and also by visitors to the hospital grounds.
It has been said that a pebble may divert the
course of the river at its fountain head, so
may something that seems to be as insignifi
cant turn the mental stream into a healthy
channel. We desire in this connection to ex
press our appreciation and sincere thanks for
the efficient service rendered the institution
by the attendants composing the band.
Announcement is made of the completion
of the new laundry, which has been equipped
with the most modern machinery with a ca
pacity of from 10,000 to 15,000 pieces per week.
'By the completion of the new laundry the
management was enabled to utilize a portion
of the old laundry for the accommodations
of employees which had been greatly needed.
The whole front portion of this building,
which was in a very dilapidated and unsafe
condition, had first to be torn down and re
built. A large amount of painting, white
washing and minor repairs were made. The
large wooden cornices of the old buildings
have been overhauled, repaired and repainted,
adding to the preservation of the property.
The medical treatment of our patients,
which is always the most important duty of
the medical officers, has received conscien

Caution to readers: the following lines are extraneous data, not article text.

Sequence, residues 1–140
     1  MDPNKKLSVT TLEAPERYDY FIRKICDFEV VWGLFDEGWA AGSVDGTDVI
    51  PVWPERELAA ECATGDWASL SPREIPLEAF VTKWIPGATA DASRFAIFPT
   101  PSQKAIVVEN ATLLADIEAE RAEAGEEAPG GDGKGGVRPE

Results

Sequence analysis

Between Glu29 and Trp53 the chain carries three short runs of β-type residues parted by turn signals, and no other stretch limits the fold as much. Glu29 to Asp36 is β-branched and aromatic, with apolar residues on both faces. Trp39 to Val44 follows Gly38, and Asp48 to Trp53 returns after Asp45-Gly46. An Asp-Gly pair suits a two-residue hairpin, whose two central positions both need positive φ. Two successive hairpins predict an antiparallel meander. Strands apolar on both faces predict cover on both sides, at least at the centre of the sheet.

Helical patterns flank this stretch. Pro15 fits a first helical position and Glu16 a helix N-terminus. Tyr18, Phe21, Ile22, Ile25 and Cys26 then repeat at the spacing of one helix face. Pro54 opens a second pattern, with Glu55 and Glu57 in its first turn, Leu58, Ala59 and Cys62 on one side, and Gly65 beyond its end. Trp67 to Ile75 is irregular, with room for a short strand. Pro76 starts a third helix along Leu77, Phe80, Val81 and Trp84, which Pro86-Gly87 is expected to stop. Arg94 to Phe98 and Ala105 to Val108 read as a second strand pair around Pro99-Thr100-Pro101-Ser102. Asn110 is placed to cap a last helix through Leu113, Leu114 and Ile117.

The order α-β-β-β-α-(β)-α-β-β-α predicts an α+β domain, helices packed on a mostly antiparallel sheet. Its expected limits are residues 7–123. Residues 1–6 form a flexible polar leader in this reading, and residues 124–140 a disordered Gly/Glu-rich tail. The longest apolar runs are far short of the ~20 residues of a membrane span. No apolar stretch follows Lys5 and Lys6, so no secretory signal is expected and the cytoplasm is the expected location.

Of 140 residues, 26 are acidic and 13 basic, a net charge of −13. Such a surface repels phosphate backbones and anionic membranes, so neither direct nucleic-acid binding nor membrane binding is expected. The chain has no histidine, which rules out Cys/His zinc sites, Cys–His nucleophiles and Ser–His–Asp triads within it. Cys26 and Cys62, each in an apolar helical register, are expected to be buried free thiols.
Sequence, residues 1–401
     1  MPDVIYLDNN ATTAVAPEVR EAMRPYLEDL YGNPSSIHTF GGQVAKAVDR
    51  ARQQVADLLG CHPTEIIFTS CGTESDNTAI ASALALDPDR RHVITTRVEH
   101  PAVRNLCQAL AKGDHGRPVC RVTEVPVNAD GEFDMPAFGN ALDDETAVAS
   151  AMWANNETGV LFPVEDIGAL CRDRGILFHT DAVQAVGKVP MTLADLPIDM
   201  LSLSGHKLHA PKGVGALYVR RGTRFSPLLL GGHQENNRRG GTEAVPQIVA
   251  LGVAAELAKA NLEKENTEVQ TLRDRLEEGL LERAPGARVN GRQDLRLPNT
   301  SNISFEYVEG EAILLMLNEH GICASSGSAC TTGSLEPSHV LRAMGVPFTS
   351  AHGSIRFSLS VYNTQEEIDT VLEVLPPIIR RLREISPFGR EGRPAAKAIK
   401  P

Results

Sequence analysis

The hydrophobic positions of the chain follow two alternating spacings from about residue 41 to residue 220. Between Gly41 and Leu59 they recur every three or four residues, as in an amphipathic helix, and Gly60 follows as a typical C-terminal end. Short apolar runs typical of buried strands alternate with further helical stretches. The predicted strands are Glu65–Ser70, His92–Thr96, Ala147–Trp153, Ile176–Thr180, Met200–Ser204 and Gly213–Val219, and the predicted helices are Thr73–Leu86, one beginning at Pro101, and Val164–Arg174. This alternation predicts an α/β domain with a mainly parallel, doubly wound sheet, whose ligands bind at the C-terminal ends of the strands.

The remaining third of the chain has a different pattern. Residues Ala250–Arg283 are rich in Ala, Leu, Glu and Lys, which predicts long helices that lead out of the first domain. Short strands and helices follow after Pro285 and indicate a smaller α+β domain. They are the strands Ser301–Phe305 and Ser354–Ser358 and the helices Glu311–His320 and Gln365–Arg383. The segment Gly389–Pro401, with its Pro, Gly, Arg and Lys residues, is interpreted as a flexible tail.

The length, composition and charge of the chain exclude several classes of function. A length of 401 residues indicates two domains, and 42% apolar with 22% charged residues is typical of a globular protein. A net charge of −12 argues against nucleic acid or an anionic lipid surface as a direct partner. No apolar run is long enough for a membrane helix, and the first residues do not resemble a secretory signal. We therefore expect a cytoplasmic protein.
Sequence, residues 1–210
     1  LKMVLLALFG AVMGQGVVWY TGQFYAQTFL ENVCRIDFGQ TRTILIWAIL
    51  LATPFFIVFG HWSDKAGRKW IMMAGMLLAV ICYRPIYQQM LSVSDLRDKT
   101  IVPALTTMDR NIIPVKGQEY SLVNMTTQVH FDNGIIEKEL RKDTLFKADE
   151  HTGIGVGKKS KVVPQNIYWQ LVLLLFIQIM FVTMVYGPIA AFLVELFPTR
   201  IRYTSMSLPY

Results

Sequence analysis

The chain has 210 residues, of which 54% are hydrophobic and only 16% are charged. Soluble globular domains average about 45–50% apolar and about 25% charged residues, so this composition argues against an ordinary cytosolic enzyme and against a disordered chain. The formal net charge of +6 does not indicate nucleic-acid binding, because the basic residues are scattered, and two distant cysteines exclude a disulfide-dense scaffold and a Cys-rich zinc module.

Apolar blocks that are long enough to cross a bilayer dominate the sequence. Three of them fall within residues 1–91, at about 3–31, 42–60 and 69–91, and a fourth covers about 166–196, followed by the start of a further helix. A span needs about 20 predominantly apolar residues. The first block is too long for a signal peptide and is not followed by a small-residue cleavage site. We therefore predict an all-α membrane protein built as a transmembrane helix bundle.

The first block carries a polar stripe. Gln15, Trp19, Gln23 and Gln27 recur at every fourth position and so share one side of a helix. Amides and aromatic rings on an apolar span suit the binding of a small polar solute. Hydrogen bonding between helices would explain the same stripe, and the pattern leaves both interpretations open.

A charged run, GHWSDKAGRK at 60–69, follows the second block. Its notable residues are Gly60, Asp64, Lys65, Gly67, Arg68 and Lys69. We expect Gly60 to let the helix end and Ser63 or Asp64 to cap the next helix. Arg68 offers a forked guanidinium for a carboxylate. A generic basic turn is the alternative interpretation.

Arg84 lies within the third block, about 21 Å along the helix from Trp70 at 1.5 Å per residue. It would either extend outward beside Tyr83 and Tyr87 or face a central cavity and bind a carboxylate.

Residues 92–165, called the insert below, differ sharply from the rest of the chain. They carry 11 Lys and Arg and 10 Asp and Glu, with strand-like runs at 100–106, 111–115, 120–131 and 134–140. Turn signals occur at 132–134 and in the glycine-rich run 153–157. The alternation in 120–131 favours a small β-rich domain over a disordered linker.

tious attention. Tne patients are considered
individually, and their mental and physical
ailments receive skillful and studious atten
tion. No means, mental, surgical or hygienic,
are spared which might aid in tbe restoration
or relieve the suffering of the unfortunate
patients under our care. The physicians are
earnest in their devotion to the interests of
their patients, and in addition to their regular
visits to their respective wards, make frequent
calls to their patients who are acutely excited
or ill It has been the endeavor of all the
officers to impress upon attendants and em
ployees the doctrine of universal kindness,
intelligent consideration, and respectful at
tention to the needs of the patient.
The Steward's report shows that the sum of
¥99,263.32 was expended on expense account.
Dividing this amount by the daily average of
patients in the hospital, 7G2, the average per